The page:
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We may never know why John and Alice Coltrane chose Dix Hills as the place they would want to live and raise their family, but they did.

About 30 miles from Manhattan, centrally located on Long Island, in the Town of Huntington, NY, Dix Hills was considered “out in the country” in 1964.

Sitting on 3.4 wooded acres is a once beautiful brick and wood frame “Farm Ranch” home. Four bedrooms, expansive living room, studio in the basement and a practice room above the garage.

The Coltrane Home – August 2012

The Coltrane Home in 2004, when abandoned by the Developer who planned to demolish it

The street entrance is protected by a tall wrought iron fence and large gates clearly stating that someone important lives here. The white Jaguar XKE sat at the end of the long driveway, but the station wagon was the car used most often.

This was the home of a man, famous throughout the world, yet it was a place to raise his children … a family home.

Photo by Hozumi Nakadeira c.1971
Courtesy of Yasuhiro “Fuji” Fujioka
Photo by Hozumi Nakadeira c.1971
Courtesy of Yasuhiro “Fuji” Fujioka

Photo by Hozumi Nakadeira c.1971
Courtesy of Yasuhiro “Fuji” Fuji

A recollection of the time in Dix Hills ……

The Coltranes moved to this home in the summer of 1964. This is the home where he was inspired to write his most famous work, A Love Supreme. Author Ashley Kahn, wrote a book, A Love Supreme, The Story of John Coltrane’s Signature Album, which tells of the making of the album and its significance in the world.

Mr. Kahn wrote:

For Coltrane, 1964 had been a period of nonstop work. His booking agency, Shaw Artists, had him crisscrossing the country for most of the summer in a station wagon with his quartet. Philadelphia, Chicago, New York, San Francisco. Back to New York. He needed a few weeks off, and he had the perfect excuse. On August 26, his first son was born. John and Alice brought John Jr. home to their recently purchased two-story house in Dix Hills, a quiet section of Long Island, New York. For Coltrane, it was a rare opportunity to put his horn down, his feet up, and just be with his family.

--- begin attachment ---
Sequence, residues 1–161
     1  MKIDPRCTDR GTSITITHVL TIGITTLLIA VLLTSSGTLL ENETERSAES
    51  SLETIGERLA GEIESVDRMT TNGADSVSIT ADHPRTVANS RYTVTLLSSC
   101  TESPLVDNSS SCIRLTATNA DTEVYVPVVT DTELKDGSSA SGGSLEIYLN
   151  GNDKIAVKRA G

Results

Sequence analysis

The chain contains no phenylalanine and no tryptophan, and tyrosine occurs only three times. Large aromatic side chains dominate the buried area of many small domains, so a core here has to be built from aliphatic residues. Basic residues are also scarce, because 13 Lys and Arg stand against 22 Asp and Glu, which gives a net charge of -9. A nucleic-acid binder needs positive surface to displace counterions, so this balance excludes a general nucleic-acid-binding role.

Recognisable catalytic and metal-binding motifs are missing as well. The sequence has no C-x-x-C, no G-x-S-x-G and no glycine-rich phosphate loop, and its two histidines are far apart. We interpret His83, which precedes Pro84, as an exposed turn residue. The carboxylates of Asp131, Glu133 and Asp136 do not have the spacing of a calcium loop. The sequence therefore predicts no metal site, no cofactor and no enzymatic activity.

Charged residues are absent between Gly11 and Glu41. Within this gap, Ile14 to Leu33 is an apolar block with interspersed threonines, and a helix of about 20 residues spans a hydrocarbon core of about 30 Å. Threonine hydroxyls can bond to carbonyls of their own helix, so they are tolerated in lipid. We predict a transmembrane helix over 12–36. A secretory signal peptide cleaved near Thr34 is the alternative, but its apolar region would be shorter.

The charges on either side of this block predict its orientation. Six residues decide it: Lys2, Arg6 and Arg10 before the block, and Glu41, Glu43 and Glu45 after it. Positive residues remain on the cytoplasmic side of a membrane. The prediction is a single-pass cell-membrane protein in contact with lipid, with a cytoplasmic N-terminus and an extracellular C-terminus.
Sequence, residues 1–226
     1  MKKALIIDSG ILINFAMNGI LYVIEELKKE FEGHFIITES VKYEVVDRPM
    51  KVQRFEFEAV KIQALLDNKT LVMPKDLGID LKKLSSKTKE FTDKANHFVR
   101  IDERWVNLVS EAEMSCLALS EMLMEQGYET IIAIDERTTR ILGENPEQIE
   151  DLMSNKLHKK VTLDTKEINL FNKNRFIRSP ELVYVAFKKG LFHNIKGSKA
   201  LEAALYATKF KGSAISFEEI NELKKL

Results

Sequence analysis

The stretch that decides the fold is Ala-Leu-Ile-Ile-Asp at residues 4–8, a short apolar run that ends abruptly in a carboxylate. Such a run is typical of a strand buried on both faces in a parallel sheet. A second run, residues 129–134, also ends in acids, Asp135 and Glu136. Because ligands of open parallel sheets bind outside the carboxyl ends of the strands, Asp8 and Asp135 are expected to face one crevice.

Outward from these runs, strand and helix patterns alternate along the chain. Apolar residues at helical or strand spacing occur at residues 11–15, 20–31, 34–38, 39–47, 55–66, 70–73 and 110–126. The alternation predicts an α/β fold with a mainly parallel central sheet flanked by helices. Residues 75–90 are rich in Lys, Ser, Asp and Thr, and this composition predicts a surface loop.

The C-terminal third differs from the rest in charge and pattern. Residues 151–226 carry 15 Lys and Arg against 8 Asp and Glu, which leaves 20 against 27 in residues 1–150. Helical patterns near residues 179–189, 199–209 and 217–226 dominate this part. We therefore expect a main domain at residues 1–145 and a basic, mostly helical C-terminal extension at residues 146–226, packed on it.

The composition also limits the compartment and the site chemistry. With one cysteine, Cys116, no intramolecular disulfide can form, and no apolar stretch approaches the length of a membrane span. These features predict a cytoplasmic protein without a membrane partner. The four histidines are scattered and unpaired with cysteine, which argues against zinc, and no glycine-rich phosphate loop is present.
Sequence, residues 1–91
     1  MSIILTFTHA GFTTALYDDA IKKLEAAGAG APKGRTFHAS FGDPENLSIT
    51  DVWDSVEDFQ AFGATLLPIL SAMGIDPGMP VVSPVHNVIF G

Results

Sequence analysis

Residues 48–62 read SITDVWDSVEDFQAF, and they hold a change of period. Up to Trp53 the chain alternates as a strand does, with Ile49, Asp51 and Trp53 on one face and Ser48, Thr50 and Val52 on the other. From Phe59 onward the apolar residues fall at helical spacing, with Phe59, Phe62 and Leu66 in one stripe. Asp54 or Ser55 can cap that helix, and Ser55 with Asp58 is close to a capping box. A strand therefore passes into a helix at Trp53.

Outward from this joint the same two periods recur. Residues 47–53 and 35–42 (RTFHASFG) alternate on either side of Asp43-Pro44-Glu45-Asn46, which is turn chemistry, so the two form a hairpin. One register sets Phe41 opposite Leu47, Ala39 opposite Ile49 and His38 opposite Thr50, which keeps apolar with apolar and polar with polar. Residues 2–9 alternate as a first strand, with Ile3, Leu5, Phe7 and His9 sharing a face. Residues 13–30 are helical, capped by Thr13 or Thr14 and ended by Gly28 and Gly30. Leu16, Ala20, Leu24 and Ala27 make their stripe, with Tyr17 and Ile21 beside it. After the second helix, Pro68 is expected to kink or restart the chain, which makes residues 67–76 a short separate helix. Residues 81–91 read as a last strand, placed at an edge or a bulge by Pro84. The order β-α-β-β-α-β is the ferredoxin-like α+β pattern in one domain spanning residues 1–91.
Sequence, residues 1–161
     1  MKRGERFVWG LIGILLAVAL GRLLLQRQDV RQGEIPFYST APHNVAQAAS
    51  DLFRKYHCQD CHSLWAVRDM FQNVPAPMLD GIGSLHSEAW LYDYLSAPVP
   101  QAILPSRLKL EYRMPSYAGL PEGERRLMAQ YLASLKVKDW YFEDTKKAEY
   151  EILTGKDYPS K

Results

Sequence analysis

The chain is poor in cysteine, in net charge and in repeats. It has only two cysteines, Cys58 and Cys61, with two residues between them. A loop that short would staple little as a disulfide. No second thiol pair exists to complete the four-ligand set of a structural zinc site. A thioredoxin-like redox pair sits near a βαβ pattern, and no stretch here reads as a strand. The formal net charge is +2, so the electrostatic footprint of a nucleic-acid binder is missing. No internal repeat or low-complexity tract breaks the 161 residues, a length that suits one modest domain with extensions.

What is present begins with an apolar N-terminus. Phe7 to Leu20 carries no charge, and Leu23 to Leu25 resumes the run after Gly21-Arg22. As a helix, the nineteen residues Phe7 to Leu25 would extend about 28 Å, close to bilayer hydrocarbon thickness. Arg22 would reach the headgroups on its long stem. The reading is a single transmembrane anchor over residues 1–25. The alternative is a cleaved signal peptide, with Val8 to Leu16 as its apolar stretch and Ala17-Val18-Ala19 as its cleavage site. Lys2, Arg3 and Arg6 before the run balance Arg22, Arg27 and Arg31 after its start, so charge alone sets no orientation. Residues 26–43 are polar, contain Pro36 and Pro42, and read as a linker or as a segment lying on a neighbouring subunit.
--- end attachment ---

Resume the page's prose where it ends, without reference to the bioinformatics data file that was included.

But Coltrane’s obsessive nature would not let him rest. For five days he had secluded himself upstairs with pen, paper and saxophone. ‘It was late summer, or early fall, because the weather was nice at the time in New York,’ recalls Alice. There was an unoccupied area up there where we hardly ever went, sometimes a family member would visit [and] would stay there. John would go up there, take little portions of food every now and then, spending his time pondering over the music he heard within himself.’ .

Alice remained busy with John Jr. and Michelle, her four-year-old by her first marriage. When he finally reappeared, she noticed that Coltrane—normally deep in thought—was unusually serene.

It was like Moses coming down the mountain, it was so beautiful. He walked down and there was that joy, that peace in his face, tranquility. So I said, “Tell me everything, we didn’t see you really for four or five days…” He said, “This is the first time that I have received all of the music for what I want to record, in a suite. This is the first time I have everything, everything ready.”

Three months later, Coltrane stepped into a recording studio to shape the results of his meditations into an album layered with music and meaning, like nothing he had ever produced. A Love Supreme was the title he had already chosen for his ambitious project.

Printed with permission of Mr. Ashley Kahn